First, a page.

Estate Planning for Singles

Summary: Estate planning documents such as a will, power of attorney, and an advance directive for health care can be just as essential for single people as those who are married and/or parents.

Some people may believe that if they are single, do not have any children, and are in relatively good health, that they do not need an estate plan. Or, they might think that an estate plan is not a high priority.  But this is a misconception, as documents such as Wills, Powers of Attorney, and Healthcare Directives can be just as important for single people as these documents are for married couples and/or parents. Drawing up an estate plan provides friends and family with specific instructions on how to manage a person’s affairs, which can ultimately save everyone time, money, and stress.

Last Will and Testament:  A will is a legal document in which a person provides instructions for the distribution of his or her assets, upon death. It ensures that your property goes to the individuals that you want, how you want, and when. According to the American Bar Association, more than half of the U.S. population dies without having a will in place. In these circumstances, the court then decides when the person’s property goes, based on state law. (In Georgia, the property would likely go to the person’s closest living relatives).  If a person – single, married, or otherwise – wants to leave specific property to family members, loved ones, friends, charities, etc., then he or she must have a will in place.

For more advice on when to create a will, visit our blog “When Should I Start Thinking About Making a Will?”

Power of Attorney: This document enables a person to act on your behalf in the event of your disability.  A power of attorney can manage affairs including financial matters, real estate transactions, and other legal decisions.  Without a power of attorney, no one can manage your financials unless the court appoints a conservator or guardian – and that appointed person may not be who you prefer. So, in other words, if you are a single person with business or financial holdings, you want to identify a power of attorney who can help manage these accounts or operations if you are unable to, due to incapacity or illness.  Even if you do not have special business issues, a power of attorney will let someone sign hospital admission paperwork on your behalf, re-direct your mail, go to the bank for you, and many other necessary day-to-day things that you might not have considered being inable to do on your own.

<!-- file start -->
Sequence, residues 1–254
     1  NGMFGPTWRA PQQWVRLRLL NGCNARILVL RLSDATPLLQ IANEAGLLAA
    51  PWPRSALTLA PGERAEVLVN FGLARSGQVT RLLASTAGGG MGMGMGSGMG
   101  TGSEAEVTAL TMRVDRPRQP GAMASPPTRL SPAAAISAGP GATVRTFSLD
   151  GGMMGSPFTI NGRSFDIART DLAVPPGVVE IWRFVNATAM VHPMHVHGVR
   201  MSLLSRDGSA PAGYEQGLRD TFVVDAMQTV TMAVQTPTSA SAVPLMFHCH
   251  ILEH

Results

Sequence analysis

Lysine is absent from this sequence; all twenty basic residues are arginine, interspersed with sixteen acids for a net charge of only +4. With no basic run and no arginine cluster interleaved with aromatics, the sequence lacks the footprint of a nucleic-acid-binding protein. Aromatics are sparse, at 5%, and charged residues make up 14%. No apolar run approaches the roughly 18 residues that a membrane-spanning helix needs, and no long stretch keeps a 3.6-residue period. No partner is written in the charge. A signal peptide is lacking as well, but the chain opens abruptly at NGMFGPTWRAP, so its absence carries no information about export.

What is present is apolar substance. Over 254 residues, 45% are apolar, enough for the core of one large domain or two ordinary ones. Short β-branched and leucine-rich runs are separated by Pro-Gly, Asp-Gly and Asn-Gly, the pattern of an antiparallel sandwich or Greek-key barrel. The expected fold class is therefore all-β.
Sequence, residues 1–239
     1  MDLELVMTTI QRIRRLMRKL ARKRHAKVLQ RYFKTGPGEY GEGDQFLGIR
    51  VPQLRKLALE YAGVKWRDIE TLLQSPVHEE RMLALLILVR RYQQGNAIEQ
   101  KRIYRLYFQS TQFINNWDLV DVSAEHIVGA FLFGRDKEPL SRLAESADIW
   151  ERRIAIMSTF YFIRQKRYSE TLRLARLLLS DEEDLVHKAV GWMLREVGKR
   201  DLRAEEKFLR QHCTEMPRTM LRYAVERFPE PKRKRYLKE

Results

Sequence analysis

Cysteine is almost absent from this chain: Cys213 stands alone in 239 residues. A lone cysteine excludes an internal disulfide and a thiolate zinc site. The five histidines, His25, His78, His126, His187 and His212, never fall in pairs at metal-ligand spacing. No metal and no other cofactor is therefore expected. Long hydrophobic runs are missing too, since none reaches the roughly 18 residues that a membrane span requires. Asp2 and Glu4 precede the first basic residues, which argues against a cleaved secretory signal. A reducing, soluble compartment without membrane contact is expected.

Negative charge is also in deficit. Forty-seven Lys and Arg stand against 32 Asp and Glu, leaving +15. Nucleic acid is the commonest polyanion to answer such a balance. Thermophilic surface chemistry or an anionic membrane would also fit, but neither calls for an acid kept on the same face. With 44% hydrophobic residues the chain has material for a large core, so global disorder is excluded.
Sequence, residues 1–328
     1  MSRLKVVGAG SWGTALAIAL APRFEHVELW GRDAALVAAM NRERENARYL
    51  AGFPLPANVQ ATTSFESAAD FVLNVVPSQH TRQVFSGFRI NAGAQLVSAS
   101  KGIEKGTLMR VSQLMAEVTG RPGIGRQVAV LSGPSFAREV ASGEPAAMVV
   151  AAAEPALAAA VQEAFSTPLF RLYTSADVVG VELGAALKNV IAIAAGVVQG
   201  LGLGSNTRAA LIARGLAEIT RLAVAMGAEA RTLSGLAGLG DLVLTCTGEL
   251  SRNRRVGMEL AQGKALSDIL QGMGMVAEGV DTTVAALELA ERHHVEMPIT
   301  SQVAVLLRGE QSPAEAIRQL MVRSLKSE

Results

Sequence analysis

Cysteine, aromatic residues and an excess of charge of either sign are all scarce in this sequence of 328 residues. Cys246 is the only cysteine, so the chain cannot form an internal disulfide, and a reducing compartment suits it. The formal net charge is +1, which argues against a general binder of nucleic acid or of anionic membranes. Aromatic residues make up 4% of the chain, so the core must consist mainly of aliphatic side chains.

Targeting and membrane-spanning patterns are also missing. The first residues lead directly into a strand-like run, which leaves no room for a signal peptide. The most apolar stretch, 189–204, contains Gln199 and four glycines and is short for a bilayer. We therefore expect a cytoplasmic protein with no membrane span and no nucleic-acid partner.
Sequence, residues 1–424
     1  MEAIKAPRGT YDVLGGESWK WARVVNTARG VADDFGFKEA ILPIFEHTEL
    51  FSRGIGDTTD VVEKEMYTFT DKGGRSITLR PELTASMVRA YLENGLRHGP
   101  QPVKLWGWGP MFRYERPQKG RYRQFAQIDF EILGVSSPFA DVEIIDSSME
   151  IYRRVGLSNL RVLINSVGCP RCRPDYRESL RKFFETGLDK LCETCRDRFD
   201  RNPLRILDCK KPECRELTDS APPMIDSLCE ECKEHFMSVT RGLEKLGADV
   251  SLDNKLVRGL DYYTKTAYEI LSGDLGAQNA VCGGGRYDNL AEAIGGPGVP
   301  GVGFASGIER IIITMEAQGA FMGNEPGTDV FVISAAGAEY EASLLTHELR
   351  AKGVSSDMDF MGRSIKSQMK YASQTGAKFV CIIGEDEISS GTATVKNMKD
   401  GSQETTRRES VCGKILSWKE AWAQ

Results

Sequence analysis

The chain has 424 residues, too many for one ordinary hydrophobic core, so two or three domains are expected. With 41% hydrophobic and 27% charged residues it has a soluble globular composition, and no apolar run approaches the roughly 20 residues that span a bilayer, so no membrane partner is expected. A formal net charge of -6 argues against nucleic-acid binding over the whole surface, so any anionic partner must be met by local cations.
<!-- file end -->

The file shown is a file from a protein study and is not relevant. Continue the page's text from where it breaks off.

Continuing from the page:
Advance Directive for Health Care:  This is a form in which a person lists his or her health care preferences in detail (ex: treatment, medical testing, care options).  It puts family members, doctors, and hospitals on notice – and is only used if the person is unable to communicate his or her own wishes.  An individual can designate a healthcare power of attorney to make health care decisions; typically, unmarried partners or friends cannot make medical decisions for each other, without signed authorization.  Without a health care power of attorney or an advance health care directive in place, the court may appoint a guardian; again, this person may not be your preferred medical decision maker.  Court involvement also takes time, which may not be fast enough for you to receive the medical treatment you prefer (as health care is often time sensitive). Having the paperwork already done and on file with your doctor and hospital is critical.

For more advice on selecting a Healthcare Power of Attorney, read our blog “How to Choose Your Medical Decision Maker.”

To better understand Georgia’s Advance Healthcare Directives, see part one and part two of our blog on “Navigating the Georgia Advance Directive for Health Care.”

For more information about these and other estate planning options available, visit Siednetopf Law’s website EstateLawAtlanta.com or call us today at (404) 736 – 6066.

© Sarah Siedentopf and Siedentopf Law, 2018. Unauthorized use and/or duplication of this material without express and written permission from this site’s author and/or owner is strictly prohibited. Excerpts and links may be used, provided that full and clear credit is given to Siedentopf Law and EstateLawAtlanta.com with appropriate and specific direction to the original content.

Categories